Today the NASA spaceship New Horizons will fly past Pluto and snap the closest images ever taken of that heavenly body. I thought some of you might like to learn the appropriate blessing for seeing natural wonders.
Baruch atah Adonai, Elohaynu Melech ha’Olam, she’ka’kha lo b’olamo.
Blessed are You, Eternal our God, Ruler of Time-and-Space, who has such creations in Your world.
(The image featured with this article is in the public domain. It was taken by the New Horizons ship on its approach.)
It is perfectly OK to say the blessing in English. Some of you may know slightly different English words. That’s all right. Many of the Hebrew words in the blessing have multiple choices for English translation. I used the ones that I like; please feel free to do the same for yourself!
“Torah” in this case refers to all sacred texts, whether they are from Tanach or rabbinic texts. It might apply to a modern text that we are reading with the intention of Torah study: for instance, a modern commentary or even a work of fiction or poetry.
I am always a little amused by the word “la’a-sok.” The first time I heard it, it sounded like the English word “soak” and I pictured the study group, sitting in a hot tub, soaking in the words of Torah. The more Torah I study, the more apt that image seems: we marinate in the words of Torah.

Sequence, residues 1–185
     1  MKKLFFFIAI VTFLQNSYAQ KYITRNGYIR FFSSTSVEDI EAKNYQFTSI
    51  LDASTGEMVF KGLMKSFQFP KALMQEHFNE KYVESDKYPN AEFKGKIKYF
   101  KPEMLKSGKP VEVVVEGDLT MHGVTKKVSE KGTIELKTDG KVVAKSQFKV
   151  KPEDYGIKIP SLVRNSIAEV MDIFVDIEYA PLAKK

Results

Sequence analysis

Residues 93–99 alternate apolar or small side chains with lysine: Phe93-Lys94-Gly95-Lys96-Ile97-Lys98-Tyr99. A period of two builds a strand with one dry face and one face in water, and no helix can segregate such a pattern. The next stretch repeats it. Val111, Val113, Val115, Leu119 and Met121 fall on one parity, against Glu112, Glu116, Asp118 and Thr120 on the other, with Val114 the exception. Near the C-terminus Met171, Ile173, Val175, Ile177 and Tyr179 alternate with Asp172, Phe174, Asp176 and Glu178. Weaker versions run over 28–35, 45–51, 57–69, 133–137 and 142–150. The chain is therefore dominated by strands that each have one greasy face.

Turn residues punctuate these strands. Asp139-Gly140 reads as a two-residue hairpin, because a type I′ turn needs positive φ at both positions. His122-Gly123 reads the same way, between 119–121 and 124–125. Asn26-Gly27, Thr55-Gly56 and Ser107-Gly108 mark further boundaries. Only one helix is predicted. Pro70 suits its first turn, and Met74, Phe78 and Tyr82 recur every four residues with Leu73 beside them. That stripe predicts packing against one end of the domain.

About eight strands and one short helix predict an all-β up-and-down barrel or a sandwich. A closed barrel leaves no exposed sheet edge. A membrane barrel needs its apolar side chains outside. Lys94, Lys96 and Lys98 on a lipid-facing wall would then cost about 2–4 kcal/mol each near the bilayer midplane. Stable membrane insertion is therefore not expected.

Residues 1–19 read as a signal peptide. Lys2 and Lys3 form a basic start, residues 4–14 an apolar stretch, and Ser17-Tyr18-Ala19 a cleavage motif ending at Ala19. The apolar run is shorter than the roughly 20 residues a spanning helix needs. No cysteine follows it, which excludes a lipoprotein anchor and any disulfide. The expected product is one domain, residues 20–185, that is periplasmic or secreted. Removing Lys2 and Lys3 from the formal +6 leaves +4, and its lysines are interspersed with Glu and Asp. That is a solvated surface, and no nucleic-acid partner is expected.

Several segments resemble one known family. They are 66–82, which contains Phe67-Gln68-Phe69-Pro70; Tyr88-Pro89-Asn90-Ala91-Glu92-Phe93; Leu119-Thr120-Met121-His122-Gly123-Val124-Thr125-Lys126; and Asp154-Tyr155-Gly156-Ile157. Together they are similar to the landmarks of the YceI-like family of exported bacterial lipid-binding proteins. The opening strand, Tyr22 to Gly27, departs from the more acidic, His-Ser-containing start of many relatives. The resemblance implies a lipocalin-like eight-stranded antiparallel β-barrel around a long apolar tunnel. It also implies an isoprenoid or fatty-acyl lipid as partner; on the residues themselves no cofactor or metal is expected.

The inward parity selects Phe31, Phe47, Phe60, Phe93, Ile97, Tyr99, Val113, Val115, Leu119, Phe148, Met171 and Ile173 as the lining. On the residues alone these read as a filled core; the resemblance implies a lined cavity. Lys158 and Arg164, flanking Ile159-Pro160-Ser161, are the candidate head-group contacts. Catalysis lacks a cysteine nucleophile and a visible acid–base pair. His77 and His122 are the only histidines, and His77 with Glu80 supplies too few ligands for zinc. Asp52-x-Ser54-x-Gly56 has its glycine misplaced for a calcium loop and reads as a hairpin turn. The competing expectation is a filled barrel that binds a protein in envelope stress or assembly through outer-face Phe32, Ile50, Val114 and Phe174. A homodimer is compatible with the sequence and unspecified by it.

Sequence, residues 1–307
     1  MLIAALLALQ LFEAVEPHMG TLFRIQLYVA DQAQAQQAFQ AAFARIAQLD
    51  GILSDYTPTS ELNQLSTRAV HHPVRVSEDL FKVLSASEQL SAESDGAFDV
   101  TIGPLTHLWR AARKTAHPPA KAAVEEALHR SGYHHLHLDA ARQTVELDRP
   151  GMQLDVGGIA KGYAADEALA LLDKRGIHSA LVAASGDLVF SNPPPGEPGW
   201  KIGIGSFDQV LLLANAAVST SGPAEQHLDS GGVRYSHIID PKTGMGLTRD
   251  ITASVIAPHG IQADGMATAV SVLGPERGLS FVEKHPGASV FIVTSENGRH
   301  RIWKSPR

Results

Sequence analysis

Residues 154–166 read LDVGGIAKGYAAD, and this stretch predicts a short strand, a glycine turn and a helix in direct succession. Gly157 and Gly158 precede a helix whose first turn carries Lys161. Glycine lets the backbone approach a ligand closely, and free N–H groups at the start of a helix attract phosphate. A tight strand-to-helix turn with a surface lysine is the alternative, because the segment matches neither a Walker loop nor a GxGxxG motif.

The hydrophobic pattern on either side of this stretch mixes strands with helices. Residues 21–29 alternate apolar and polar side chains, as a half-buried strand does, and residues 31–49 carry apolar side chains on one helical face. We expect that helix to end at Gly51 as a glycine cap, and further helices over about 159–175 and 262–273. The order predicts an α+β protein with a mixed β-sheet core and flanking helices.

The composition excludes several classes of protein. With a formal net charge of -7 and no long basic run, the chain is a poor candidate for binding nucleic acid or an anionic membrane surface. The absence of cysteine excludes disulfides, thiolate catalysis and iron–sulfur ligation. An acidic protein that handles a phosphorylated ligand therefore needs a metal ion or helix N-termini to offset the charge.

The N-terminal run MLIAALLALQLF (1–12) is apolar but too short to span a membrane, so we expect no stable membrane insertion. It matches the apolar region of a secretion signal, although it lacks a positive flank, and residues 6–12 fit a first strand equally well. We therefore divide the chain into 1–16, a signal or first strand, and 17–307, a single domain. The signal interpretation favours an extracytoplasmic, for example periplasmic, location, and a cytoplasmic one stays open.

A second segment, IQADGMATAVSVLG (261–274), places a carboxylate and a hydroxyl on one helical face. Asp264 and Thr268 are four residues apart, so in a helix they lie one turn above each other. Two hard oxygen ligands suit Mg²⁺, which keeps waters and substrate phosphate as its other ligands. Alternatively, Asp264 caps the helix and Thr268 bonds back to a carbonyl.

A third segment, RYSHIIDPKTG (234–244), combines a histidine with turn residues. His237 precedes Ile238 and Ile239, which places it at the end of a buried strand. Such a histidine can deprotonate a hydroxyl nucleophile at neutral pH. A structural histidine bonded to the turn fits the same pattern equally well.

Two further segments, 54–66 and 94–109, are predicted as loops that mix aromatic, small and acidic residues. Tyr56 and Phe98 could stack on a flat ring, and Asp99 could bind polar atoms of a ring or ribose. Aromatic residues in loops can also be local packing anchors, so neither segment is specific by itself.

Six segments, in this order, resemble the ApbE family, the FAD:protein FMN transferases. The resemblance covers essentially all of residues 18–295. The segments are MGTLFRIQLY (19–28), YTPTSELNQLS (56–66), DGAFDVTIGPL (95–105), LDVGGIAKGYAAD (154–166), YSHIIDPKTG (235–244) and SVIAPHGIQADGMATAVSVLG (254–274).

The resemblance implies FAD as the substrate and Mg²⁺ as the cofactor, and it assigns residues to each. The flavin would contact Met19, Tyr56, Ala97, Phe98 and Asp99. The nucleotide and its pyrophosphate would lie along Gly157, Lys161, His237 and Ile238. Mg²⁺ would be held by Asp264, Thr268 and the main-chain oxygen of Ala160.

“[God] sanctifies us with commandments” – what do those words mean to you? How can a person be made holy by a commandment? How do they apply, in the case of this particular blessing?
Blessed are you, Eternal our God, Ruler of Time-and-Space, who has given us life, protected us, and brought us to this moment.
But what about something more specific? The guy is a baby boomer like myself – we’re of an age now when getting a new job means triumphing over ageism and beating the odds. Getting a new job is a very big deal, and it speaks to dignity and survival. I think it should have its own special blessing:
Baruch Ata, Adonai Eloheinu, Melech haolam, shenatan li tikvah v’ko-ach v’he-vi oti l’avodah hadashah zo, kach ani yochal l’hitparnas.
Blessed are you, Eternal our God, Ruler of Time-and-Space, who gives me hope and strength and has brought me to this new employment so that I may make a living.
May the day come when all people have the dignity of honest work for a sufficient wage and the sustenance of body and spirit it provides!
Blessed are You, Eternal our God, Sovereign over all that is,
Who sets within human beings the desire to gather together
to prepare food with memory and gratitude, to share that food
with friends new and old, with family from near and far.
You give us minds to understand the issues of the day;
please grant us the love and patience
with which to respect our differences,
for when those who disagree can truly listen to one another
miracles can happen.
Grant us mindfulness about our food; bless those who grew it,
who picked it, and brought it to market.
Bless those who prepared it and cooked it.
Grant us the awareness of the many sources of this food,
not only in the present, but the minds and hearts in the past
who devised ways to make simple things delicious.
May we rise from this table
with new understandings of one another:
filled not only with food,
but with gratitude for our many blessings.
Blessed are you, Holy One, who has given us hearts